Deirdre Mooney is an Academic Advisor, Exploratory Students at the University of Calgary in Calgary, Alberta.
Advising undeclared or undecided students can be challenging. When we first started doing this work, we lamented on how non-linear and unstructured conversations about choosing a major can be. Not to mention students expect us to tell them which degree to choose – that’s fortune telling not advising!
The key goal of exploratory advising is to provide an explicit framework to help students move through exploring their options, decision-making, and educational planning. To facilitate this goal, we created the Major Exploration Process Model, the How to Choose a Major Workbook, and the How to Choose a Major Workshop to support students individually and through group advising. While the work focuses specifically on choosing a major, we stress that students can use the process and skills throughout their lives to make better informed decisions.
Framing the Process
Students who seek exploratory advising know that they need to make a decision, but often don’t know where to start. How do we help them take action? Largely, it depends on where they are in the process.
Truly undecided students will need to start with serious self-reflection about the things driving their decision. Others may have a good sense of who they are and what they want, but need help discovering the options available to them. Still others may have narrowed their options and need support evaluating them before making a choice. In all cases, we use the Major Exploration Process Model to situate students’ experience of exploration and lead the way forward. Individual advising appointments become coaching conversations full of open-ended powerful questions to get students thinking. Although these conversations are still not linear, the Model and Workbook give them a lot more structure!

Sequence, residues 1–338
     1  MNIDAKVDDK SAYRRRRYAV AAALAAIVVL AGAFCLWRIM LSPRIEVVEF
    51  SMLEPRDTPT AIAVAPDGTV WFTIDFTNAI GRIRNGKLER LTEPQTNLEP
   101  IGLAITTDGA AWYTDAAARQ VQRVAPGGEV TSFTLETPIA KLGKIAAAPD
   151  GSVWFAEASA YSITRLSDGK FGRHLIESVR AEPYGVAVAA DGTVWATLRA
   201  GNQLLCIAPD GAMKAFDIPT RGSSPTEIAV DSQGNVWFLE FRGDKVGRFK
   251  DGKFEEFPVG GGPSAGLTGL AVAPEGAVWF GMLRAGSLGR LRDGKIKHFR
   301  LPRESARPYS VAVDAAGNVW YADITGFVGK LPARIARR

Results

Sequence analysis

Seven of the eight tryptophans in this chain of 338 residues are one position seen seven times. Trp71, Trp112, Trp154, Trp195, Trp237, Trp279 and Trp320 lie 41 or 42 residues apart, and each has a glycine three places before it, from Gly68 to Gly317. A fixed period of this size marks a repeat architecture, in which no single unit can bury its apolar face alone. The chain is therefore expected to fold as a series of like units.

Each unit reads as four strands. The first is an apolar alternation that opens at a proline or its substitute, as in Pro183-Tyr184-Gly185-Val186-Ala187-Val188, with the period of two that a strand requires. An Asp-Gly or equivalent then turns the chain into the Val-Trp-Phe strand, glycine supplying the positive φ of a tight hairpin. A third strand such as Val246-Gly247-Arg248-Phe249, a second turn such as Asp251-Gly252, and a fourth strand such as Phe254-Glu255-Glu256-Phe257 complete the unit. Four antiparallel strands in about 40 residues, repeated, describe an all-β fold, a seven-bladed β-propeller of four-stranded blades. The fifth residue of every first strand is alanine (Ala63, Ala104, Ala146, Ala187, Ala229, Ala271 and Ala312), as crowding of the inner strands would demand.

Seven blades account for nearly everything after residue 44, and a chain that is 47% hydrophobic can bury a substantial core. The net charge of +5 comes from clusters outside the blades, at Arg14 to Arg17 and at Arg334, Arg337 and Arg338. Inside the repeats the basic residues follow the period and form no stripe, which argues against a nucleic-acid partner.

Reflect and Connect
Choosing a major starts with self-reflection. The activities in this stage help students explore their motivators, personality traits, interests, and academics:
- Motivators – students consider and rank the things they deem important about their education and what they want to get out of their experience;
- Personality Traits – based on Holland Codes the traits provide students with a guidepost to better understand themselves and what they may be looking for in a degree;
- Interests – students categorize and prioritize interests to consider what they want to discover, learn, and develop through their education (hobbies vs academic pursuits);
- Academics – students reflect on academic strengths and challenges, how they learn, how subjects are taught, the approaches of fields of study, and available academic supports.
First students reflect on these components separately and then are encouraged to make connections between these pieces to prioritize the role each component plays in their decision-making.
Information and Options
This stage requires students to conduct their own research into the various degree options available to them. Students gather information on: